Introduction to the social, editorial and technical issues surrounding the Web as a new form of communication. Fundamentals of gathering, writing and publishing content for the Web that includes using photographs, sound, pictures and video to tell a story. 3 lectures, 1 laboratory. Prerequisite: JOUR 203.

Although that sounds vague, the class actually had a very specific goal: each student created a blog and by the end of ten-week quarter, they were semi-experts in bloggings, curating, tweeting and amateur multimediography.

  • Each student maintained a WordPress blog with a very specific beat (prime target for Publish2 usage)
  • In addition to commentary, analysis and original reporting on topics specific to the beat of their choice, each student could curate a newswire of links relevant to their blog
  • If some students' beats overlapped (local music blog and local art critique blog, for example), the students could create a newsgroup and collaborate together.
  • (This same process can be applied to JOUR 304 Public Affairs Reporting in which each student is assigned a geographic beat. Although they're not blogging as a requirement to this class -- sadly-- they could still use newsgroups and save the links to Publish2 without publishing to a blog).

The ability to be an expert curator is a huge part of journalism these days when it comes to finding the value in context in an era of information overload and content pollution (more here, here and lots here). Finding the top news and tweets relevant to a beat is one of the best ways to learn curation (and even at the professional level, it's what high profile journalists are doing -- and they're even using Publish2 to do it).

JOUR 303 Multimedia Reporting and Production, JOUR 410 Applied Multimedia Reporting

These classes are parts one and two in a hierarchy of multimedia classes. Over the span of these two classes, students learn how to take photos, record audio, make slideshows, audio slideshows, video, podcasts, interactive maps, a little flash, and how to publish all those media types on the web. I see a few potential uses of Publish2 in this realm.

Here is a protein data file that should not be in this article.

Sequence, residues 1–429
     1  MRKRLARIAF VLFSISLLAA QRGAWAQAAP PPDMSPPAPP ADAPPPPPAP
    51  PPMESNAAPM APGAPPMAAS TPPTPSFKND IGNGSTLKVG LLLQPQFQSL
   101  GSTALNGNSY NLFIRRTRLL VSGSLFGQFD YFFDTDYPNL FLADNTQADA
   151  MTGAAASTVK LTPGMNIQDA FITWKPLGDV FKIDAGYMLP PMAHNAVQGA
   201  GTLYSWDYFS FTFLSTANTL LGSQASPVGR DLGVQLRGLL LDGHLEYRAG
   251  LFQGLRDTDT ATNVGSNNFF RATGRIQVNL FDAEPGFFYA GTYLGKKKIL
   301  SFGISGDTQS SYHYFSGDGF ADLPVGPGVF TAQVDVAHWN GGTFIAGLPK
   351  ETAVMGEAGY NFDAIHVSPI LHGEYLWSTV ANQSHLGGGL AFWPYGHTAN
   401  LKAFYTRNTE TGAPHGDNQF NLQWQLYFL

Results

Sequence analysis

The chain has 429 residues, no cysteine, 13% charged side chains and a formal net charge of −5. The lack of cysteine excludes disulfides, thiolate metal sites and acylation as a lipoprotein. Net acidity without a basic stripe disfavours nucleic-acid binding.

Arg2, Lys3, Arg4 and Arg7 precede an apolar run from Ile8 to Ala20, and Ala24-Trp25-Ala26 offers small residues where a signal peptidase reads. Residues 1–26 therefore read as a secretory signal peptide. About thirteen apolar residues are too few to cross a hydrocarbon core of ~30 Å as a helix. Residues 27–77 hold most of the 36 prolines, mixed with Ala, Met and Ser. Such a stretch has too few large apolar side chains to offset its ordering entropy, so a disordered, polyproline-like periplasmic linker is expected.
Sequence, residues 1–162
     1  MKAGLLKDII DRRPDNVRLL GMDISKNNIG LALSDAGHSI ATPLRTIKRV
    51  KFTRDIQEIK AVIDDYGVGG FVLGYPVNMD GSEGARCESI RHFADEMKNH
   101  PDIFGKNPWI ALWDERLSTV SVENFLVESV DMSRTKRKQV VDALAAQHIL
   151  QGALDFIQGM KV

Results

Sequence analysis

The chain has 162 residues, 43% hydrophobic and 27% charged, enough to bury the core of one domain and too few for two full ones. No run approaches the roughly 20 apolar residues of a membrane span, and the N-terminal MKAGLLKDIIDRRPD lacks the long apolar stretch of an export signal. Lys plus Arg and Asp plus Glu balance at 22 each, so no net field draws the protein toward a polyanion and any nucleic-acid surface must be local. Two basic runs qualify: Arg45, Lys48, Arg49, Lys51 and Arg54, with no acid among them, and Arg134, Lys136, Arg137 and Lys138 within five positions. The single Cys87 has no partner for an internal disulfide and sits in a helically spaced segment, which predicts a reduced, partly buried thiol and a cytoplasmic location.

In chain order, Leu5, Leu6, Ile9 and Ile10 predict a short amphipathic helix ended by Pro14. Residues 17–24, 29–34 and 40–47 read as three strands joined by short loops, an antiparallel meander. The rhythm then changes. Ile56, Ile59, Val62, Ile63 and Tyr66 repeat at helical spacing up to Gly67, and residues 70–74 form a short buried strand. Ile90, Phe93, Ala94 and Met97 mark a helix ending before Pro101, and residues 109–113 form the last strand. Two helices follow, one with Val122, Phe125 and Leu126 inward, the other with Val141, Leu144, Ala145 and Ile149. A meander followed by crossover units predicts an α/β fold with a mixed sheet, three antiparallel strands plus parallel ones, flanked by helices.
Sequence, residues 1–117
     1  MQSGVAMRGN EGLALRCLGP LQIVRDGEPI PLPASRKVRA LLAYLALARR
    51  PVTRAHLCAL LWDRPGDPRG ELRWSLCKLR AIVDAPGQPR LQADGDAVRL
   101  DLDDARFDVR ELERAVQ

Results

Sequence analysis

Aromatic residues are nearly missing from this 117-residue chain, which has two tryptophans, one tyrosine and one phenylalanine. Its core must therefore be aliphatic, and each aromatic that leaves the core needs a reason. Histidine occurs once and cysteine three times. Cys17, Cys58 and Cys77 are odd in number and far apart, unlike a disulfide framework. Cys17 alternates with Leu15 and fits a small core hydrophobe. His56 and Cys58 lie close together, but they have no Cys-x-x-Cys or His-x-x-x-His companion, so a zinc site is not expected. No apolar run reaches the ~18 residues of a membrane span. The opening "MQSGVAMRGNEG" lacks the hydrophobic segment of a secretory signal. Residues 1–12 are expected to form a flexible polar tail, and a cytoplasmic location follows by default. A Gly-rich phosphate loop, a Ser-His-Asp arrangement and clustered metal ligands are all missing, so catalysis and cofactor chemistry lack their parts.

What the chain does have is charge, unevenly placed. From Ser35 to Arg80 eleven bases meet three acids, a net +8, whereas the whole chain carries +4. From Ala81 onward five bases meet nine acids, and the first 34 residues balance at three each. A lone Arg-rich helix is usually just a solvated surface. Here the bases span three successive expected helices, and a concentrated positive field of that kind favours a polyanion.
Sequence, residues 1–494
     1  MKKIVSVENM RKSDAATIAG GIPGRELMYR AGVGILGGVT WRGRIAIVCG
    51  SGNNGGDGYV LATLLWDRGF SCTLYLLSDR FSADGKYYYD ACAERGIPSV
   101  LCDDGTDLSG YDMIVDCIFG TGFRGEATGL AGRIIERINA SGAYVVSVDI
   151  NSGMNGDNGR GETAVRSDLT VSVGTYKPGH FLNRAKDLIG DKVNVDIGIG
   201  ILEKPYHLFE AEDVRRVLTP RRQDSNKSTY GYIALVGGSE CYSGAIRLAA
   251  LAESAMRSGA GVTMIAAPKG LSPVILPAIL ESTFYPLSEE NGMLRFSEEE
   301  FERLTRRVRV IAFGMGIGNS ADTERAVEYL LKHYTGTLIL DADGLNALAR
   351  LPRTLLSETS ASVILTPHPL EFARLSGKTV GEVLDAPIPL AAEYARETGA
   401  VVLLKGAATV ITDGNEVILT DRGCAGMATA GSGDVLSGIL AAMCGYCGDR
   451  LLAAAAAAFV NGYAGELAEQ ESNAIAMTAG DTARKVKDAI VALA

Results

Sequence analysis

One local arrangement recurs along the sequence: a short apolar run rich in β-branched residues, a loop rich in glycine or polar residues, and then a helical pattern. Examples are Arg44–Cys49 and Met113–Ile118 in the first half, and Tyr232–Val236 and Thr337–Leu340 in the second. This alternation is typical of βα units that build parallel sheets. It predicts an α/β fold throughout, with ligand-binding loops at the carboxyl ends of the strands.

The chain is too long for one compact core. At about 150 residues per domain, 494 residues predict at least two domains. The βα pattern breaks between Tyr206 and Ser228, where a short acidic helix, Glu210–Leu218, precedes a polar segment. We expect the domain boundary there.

Collaboratively generate "reading materials" for class:
  • I'm of the opinion that you can't learn multimedia by reading a textbook. Much like good writing comes as a result of reading good writing, the same goes for multimedia. Students should be expected to read over classmates' comment and links in the newswire before each class.
  • Students should be scouting the web to find good examples of multimedia as relevant to each lecture, saving those links with comments to Publish2, then discussing them each class
  • This could serve as a very useful, thought-provoking assignment that gets students to read and provides interesting content for class discussion to supplement elements of the lecture.

Showcase student work:

  • One of my introductory assumptions at the start of this post is that each professor has a blog (Brady has a WordPress powered site for each of his journalism classes).
  • If each student adds a link to his/her published work through a newsgroup as a result of class assignments, professors can easily display that work on the class site/blog along with analysis of how the assignment went.
  • Because Publish2 gracefully integrates video into saved links, a multimedia class is a perfect use case

Department-wide usage

One of the key concepts Publish2 was built around is collaboration. So, naturally, the product would be more effective if its usage wasn't only broken into silos for each class, but if journalism professors used it to curate news for the department to read. An even better situation would be if the entire department -- faculty and students -- were collaborating together. I'm sure plenty of other uses would arise once that collaborative network was initiated.

I'm open to any other suggestions for how Publish2 could be used in the classroom to encourage collaboration. Good luck and happy publishing.